The History of Psychology: Fundamental Questions

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Margaret P. Munger
Oxford University Press, 2003 - 514 pages
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The History of Psychology: Fundamental Questions provides significant excerpts from the philosophers, theologians, and scientists who contributed to the development of psychology. It also includes more recent works covering issues and ideas in cognitive psychology and neuroscience. Extensively
classroom-tested, this anthology addresses a comprehensive range of topics, yet is suitable for use as a core text or as a supplement in a single-semester course on the history of psychology.
The History of Psychology offers selections from:
- Aristotle
- St. Thomas Aquinas
- Rene Descartes
- John Locke
- Immanuel Kant
- Hermann Ebbinghaus
- Charles Darwin
- Margaret Floy Washburn
- Wilhelm Wundt
- Jean Piaget
- B.F. Skinner
- Noam Chomsky
and many others. The readings encourage students to consider the foundations of psychology and the questions that led to its emergence as a distinct discipline. Going beyond the presentation and defense of a particular point of view, this collection gives students the opportunity to consider the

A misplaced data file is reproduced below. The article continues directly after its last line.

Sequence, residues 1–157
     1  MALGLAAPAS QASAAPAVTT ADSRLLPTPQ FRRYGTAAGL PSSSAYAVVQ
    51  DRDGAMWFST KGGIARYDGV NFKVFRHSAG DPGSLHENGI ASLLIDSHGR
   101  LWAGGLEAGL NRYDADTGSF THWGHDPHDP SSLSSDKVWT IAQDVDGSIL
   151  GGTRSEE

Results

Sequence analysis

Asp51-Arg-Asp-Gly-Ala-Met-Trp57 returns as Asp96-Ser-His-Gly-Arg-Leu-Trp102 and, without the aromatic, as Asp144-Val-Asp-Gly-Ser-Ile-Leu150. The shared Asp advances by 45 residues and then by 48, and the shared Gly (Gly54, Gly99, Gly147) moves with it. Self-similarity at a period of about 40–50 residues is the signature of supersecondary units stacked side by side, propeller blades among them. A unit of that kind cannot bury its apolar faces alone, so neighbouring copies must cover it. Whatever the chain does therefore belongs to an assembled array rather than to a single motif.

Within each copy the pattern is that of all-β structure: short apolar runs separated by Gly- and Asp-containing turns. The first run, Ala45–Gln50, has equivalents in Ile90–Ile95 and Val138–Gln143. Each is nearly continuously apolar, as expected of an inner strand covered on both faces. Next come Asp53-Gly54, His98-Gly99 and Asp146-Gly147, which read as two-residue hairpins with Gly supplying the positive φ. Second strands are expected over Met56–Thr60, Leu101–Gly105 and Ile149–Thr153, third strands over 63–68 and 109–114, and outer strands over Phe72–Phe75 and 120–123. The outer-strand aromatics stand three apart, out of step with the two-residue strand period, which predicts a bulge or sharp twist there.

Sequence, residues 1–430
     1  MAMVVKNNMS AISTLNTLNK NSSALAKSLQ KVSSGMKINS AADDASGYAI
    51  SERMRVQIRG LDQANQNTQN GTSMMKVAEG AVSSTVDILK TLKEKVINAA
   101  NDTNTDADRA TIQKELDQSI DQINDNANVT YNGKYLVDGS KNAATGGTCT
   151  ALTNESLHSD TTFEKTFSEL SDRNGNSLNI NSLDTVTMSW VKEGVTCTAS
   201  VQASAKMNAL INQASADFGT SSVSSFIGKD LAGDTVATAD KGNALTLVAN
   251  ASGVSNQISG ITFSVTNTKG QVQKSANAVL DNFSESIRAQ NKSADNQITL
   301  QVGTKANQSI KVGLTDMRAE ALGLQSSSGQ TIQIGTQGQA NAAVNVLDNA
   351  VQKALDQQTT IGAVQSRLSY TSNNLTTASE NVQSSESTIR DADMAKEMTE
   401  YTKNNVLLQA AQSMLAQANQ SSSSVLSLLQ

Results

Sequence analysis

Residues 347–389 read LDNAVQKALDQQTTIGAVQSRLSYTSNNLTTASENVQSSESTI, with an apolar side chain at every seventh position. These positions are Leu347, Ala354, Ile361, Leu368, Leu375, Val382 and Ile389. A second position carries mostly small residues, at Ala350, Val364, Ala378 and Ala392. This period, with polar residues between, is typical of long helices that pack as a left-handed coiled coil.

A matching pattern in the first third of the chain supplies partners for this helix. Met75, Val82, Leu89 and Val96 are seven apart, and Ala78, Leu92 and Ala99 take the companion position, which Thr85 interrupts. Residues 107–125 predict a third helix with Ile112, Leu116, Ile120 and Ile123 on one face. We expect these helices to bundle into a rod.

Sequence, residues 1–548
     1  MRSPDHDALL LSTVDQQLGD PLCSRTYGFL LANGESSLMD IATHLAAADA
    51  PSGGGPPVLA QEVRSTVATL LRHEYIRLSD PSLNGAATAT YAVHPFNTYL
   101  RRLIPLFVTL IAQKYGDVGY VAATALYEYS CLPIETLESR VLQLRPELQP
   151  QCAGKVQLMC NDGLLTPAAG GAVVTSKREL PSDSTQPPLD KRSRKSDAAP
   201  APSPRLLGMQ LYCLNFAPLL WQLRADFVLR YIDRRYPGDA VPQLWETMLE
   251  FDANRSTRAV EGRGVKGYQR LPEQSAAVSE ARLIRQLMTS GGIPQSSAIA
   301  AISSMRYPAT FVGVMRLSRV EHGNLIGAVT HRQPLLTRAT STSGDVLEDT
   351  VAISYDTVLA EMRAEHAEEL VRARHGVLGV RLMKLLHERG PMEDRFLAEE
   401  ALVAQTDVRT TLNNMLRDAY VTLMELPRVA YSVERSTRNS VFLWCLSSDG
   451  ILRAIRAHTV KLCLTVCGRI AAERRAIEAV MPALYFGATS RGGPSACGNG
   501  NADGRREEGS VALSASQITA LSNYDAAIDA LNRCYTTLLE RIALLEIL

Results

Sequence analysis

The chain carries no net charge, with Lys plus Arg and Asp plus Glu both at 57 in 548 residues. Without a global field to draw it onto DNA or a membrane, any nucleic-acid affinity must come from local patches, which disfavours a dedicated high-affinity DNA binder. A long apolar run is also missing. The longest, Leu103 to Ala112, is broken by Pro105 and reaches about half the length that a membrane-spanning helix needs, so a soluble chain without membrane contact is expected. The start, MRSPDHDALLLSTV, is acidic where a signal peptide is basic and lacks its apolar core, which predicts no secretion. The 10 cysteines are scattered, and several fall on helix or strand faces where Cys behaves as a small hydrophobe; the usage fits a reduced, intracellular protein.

fundamental questions of psychology. The book is organized into nine thematic sections that are presented chronologically. Each section includes works that cohere thematically to encourage discussion, highlight related topics, and stimulate the classic and more current debates within the field of
psychology. Every reading is preceded by a brief biography of the author and a note about his or her range of interests and influence.
Featuring original works from some of the most important figures in the history of psychology, The History of Psychology is ideal for undergraduate and graduate courses on history and systems in psychology and philosophy of psychology.

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About the author (2003)

Margaret P. Munger is at Davidson College.

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